PMID: 2357248 is about non-specific effects of vaccines. We know that measles vaccine and BCG protect against a number of other diseases, and that other vaccines may increase the risk of other diseases, such as DTP in developing countries. I don’t think this is a property unique to vaccines, I see no reason to think this does not occur with early infection too.

    PMID 24352476:

    the innate immune system displays epigenetic memory of an earlier infection or vaccination, a phenomenon that has been named “trained immunity.”

    Again, this is an effect common to early infection and vaccination.

    PMID: 23869409 again about training innate immunity, and again nothing to suggest a long term qualitatively different effect of vaccines on the innate immune system as compared to natural infection.

    If anything these findings make it even more important to be sure children are vaccinated, as a natural infection early in childhood may have long-term consequences that are bound to be more severe than those caused by vaccination.

    I don’t see anything here that supports the idea that vaccines may somehow damage the immune system and lead to neurodevelopmental problems

  54. #54 anon
    March 23, 2014

    I am in conflict with a non-vaccinating cousin who continually sends me articles such as the following link. My grand children are vaccinated, hers are not. Obviously, we are not scientists.
    http://www.gaia-health.com/gaia-blog/2011-10-24/vaccines-may-be-fueling-the-increasing-rate-of-non-hodgkins-lymphoma-cancer/

  55. #55 anon
    March 23, 2014

    She also sent me this- (She is retired and has a lot of time on her hands)
    http://www.ncbi.nlm.nih.gov/pubmed/18752390
    Development of unilateral cervical and supraclavicular lymphadenopathy after human papilloma virus vaccination.

  56. #56 skeptiquette
    March 24, 2014

    Ok, Thanks for looking those over.

    Do you think that it would be worthwhile to more thoroughly look at the effects of various vaccinations and/or combos of vaccines on the innate immune system? (i.e. large scale prospective studies)

    This is basically where I stand. It would make sense to me to do these types of studies. The results could be used in a number of subsequent studies, but at the very least we would have a bunch more data to better understand both safety and efficacy of current vaccines.

    Thanks,

    Skeptiquette

  57. #57 Politicalguineapig
    March 24, 2014

    skeptiquette: I don’t think you understand my motivation. This isn’t some life or death battle that I am going to get even remotely emotionally worked up about. I am trying to take these opportunities to learn something, through discussion with like minded people.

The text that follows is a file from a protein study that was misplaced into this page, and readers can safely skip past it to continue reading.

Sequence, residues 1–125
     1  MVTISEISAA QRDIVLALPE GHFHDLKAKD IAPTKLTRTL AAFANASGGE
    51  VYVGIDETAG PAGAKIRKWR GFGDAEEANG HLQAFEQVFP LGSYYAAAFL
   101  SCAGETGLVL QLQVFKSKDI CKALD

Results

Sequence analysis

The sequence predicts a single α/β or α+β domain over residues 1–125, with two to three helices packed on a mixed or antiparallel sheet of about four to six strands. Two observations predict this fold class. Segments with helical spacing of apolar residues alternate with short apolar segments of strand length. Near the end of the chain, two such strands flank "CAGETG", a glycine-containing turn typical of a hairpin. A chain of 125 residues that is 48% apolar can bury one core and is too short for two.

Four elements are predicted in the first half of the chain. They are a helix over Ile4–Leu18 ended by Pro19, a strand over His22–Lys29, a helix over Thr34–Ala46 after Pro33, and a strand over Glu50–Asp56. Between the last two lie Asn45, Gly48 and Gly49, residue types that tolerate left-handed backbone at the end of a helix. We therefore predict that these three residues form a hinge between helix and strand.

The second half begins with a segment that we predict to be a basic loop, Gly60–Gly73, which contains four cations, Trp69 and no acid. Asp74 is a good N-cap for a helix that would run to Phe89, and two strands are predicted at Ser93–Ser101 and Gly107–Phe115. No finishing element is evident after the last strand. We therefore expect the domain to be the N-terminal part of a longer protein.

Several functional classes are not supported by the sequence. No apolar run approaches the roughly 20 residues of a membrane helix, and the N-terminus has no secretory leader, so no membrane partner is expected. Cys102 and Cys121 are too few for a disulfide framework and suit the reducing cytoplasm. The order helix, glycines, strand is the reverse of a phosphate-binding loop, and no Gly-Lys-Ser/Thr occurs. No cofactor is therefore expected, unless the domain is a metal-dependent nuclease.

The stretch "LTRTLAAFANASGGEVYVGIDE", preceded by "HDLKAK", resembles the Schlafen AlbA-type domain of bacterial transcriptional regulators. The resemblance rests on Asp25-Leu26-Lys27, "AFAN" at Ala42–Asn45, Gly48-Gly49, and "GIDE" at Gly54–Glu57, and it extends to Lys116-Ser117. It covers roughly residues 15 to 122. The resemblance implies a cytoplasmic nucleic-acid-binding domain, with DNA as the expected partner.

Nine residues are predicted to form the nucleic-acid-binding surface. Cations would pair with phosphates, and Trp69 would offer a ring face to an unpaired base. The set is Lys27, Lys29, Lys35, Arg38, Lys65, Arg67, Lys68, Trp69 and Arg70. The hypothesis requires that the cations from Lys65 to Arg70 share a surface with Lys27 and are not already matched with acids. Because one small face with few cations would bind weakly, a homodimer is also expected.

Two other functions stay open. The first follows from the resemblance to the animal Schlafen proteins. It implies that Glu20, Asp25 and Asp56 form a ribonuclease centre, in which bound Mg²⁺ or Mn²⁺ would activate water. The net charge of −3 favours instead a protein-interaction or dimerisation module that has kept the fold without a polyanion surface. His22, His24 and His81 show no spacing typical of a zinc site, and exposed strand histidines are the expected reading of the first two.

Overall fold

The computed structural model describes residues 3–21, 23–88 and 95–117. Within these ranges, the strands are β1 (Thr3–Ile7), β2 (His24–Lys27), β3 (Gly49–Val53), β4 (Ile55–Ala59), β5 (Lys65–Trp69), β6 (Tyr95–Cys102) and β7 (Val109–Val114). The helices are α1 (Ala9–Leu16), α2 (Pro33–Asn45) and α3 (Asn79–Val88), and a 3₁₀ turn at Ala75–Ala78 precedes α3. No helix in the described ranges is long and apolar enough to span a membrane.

No, we understand your motivation all right. You are anti-vax to the core, and keep pretending the studies haven’t been done. All I ask is that you quit weaseling around. Stop pretending you’re ‘on the fence,’ no one is fooled by that act.

  58. #58 skeptiquette
    March 24, 2014

    PGP,

    lol… No, you obviously and evidently do NOT.

    If I were anti-vax to the core, as you promulgate, why would I have had my kids vaccinated?

    that may be a tough one to answer, but, please answer that question.

    Prospective studies looking at the innate immune responses of infants after the normal pediatric vaccine schedule have not been done. Why do you think the authors of the study (2007) I cited above said:

    “Large prospective studies would be warranted to evaluate the possible long-term consequences of this early modulation of the cytokine responses in infants”

    Also, PMID: 19423079 is interesting in that it explores how inflammation from a vaccine (typhoid) can alter brain activity and connectivity in an adult resulting in mood changes.

    Specifically:

    Inflammation-associated deterioration in total mood was also associated with a marked decrease in activity within amygdala, a region central to processing emotional information from faces. Connectivity analysis also showed that inflammation-associated mood change modulated the connectivity between sACC and arMPFC, a region activated when thinking about others, and with right STS and amygdala, regions implicated in processing social/emotional information from faces. These changes might under-pin the marked reduction in social behavior associated with acute sickness, possibly reflecting an internal self-reorientation of attentional focus (9) and the heterogeneity of symptoms associated with inflammation-associated mood change.

    So, I ask myself, what happens when a one day old infant or a two, four, six or twelve month infant gets a vaccine, what type of inflammatory response occurs? What is the magnitude and duration of the inflammatory response? Are there changes in activity and connectivity in brain regions that are implicated in empathy and social/emotional processing (like we see from above study or other important changes)? If changes do occur, how long do they last? How does this inflammatory response differ among individuals? i.e. how does genotype, how do other developmental (prenatal) occurrences impact this response?

    You can call that “a just asking questions ploy” or “weaseling”, I just call this critical thinking and trying to fill voids in our collective ignorance. IF you have answers to those questions or could point me in the direction where I can find answers, then just do so. From what I can tell, we do not have data to answer these questions, hence large scale prospective studies are warranted.